We then watched the first episode of the Kate Winslet HBO series Mare of Easttown, which has a great cast–you can never go wrong with Winslet or Jean Smart, who plays her mother–but the show is incredibly bleak. But really, whenever I watch something like this and it makes me squirm a bit uncomfortably, it also makes me reevaluate my own work and my own prejudices. I didn’t grow up poor the way my parents did; but we were very definitely working class when I was young–watching every penny, my mother always keeping an eagle eye out for sales to stretch her budget even further while trying to not do without anything, buying less expensive off-brands rather than the ones we’d see commercials for on television–and as an adult, I don’t think I’ve ever been financially stable–or if I ever was, it was a condition that didn’t last for long. Maybe that’s why I’ve avoided writing about characters in dire financial straits; my two private eyes both are incredibly financially stable (Chanse has a gig as a security consultant for a major oil company; Scotty has a massive trust fund), which is also not very realistic (not that private eye novels are ever realistic; private eyes rarely, if ever, are involved in murder investigations where it’s their job to find the killer–if they are ever involved in such a case, they are usually working for an attorney representing someone accused, and they are employed to help find reasonable doubt for the jury–and now that I think about it, that very perspective would be a great approach for a Chanse short story or novella–I am still resisting writing another novel for him). I know I despise and hate monetary stress; which is one of the reasons I am loath to write about characters in dire financial straits.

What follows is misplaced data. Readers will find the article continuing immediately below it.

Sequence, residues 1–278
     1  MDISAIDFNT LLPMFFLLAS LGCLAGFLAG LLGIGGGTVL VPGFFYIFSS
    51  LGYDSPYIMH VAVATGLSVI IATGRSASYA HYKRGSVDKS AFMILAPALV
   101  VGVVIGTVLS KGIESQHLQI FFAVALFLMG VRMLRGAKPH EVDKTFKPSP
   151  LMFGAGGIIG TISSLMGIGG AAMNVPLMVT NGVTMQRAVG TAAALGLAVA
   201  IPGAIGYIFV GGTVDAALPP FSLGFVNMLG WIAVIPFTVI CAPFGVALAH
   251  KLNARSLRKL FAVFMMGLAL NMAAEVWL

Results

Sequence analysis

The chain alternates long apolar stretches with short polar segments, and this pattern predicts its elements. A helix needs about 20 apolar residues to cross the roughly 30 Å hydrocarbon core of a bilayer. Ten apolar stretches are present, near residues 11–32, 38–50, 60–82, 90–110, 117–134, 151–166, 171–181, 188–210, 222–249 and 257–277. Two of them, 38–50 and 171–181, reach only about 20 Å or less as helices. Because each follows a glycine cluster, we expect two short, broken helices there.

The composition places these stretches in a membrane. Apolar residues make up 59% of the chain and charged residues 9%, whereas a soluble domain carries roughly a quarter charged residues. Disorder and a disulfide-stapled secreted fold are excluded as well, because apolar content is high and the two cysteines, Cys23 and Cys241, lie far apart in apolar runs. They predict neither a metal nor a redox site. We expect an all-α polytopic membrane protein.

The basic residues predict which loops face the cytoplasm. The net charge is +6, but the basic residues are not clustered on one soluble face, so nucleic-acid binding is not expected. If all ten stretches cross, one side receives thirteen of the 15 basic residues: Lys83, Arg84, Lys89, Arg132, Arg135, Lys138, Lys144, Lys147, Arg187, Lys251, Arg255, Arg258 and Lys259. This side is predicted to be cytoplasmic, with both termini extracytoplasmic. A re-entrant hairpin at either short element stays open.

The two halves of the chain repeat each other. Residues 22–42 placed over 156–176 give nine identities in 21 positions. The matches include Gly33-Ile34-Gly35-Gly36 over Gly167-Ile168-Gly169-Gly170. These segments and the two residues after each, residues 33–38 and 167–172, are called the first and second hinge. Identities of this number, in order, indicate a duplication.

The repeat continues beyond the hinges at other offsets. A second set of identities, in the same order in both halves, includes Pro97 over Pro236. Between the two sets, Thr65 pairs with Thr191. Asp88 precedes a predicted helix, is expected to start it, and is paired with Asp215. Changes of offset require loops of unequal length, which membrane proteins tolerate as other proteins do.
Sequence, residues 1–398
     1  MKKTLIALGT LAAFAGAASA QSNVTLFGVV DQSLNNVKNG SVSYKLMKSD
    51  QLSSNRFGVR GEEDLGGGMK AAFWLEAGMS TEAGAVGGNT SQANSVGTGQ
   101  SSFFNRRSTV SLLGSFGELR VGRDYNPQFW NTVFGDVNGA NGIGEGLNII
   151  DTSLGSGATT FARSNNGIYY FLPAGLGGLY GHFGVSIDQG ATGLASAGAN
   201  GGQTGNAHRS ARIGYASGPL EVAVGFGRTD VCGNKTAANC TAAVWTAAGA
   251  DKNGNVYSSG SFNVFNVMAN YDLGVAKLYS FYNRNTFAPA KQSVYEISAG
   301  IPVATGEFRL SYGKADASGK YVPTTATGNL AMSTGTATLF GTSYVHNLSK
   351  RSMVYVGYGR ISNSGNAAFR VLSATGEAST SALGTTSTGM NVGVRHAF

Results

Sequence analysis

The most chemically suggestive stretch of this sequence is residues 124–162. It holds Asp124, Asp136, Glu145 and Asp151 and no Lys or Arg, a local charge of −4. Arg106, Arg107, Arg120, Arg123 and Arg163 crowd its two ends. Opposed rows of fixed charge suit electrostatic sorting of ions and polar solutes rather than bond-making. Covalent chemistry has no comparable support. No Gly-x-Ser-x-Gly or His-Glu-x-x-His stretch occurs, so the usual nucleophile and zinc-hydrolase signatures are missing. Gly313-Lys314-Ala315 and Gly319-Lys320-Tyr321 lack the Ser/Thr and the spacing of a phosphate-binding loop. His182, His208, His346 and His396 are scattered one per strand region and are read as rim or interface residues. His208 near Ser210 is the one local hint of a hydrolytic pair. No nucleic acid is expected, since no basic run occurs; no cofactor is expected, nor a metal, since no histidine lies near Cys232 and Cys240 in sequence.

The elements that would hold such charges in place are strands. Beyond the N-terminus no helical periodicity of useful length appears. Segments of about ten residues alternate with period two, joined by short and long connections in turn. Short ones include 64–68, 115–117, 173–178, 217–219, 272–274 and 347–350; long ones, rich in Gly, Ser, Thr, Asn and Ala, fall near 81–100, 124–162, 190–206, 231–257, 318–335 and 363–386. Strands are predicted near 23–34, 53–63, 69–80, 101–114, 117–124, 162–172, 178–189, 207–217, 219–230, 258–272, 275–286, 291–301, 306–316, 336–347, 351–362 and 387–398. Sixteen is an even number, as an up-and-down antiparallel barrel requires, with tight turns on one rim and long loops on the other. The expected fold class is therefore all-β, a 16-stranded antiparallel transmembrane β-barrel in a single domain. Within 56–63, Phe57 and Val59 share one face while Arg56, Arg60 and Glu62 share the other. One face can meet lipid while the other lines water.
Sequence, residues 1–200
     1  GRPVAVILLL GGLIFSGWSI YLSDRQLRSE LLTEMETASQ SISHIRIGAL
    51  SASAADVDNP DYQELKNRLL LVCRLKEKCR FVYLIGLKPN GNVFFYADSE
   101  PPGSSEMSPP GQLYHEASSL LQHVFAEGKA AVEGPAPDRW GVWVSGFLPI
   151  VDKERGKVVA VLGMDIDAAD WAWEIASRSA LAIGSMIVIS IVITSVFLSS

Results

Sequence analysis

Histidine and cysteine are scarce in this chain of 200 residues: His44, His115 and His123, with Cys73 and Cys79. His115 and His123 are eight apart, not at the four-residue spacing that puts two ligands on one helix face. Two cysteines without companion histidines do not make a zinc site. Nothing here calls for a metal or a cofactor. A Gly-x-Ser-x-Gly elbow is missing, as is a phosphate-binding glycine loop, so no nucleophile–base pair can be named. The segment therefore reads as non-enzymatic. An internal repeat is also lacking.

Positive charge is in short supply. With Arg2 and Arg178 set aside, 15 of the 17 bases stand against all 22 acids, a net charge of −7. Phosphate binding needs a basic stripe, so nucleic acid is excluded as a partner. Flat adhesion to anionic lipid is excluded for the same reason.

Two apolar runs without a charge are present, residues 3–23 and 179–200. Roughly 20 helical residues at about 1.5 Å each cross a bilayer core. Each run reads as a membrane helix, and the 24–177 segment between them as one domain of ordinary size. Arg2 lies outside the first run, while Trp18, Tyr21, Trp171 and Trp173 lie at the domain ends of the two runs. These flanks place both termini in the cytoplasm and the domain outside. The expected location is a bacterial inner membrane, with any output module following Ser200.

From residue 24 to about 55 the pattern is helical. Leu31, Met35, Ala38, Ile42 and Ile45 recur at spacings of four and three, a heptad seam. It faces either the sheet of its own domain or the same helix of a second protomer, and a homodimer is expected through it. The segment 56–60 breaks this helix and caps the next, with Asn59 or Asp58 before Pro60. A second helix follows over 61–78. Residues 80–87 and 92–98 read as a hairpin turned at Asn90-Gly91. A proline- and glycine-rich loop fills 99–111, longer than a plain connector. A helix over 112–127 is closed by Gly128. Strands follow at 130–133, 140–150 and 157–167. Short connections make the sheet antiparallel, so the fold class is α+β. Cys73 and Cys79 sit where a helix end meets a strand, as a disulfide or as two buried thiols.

Then again, it’s not like I am writing anything at the moment, despite my best intentions. I do want to get the outline for Chlorine started this week, and I’d like to get a short story worked on–whether it’s finishing writing one that was already started, or revising one that is already in a completed draft–and I also need to get my computer files whipped back into some sort of shape. (I have a tendency to just toss things into the files and not sort anything…which makes finding things a bit challenging.)

And on that note, tis time for the spice mines. May your Wednesday be lovely and bright, Constant Reader–and we are very close to the weekend!

Slow Jam

Monday morning and we’re in a flash flood warning–which means it’s flooding somewhere. The phone advisory said (you know, the loud beeping warning at four a.m.) to not even try to go anywhere before eight….of course, I need to be at the office by seven thirty, so there’s that. Sigh. The storm seems to have passed–there was some amazing thunder and lightning I was aware of while I was sleeping comfortably in my warm bed and under my soft, comfortable covers–so I’m not sure if the gray outside is the predawn gray I see every morning, and from the storm. It’s supposed to rain heavily every day until Thursday; this is definitely the wettest spring I can remember us having since we moved here all those years ago.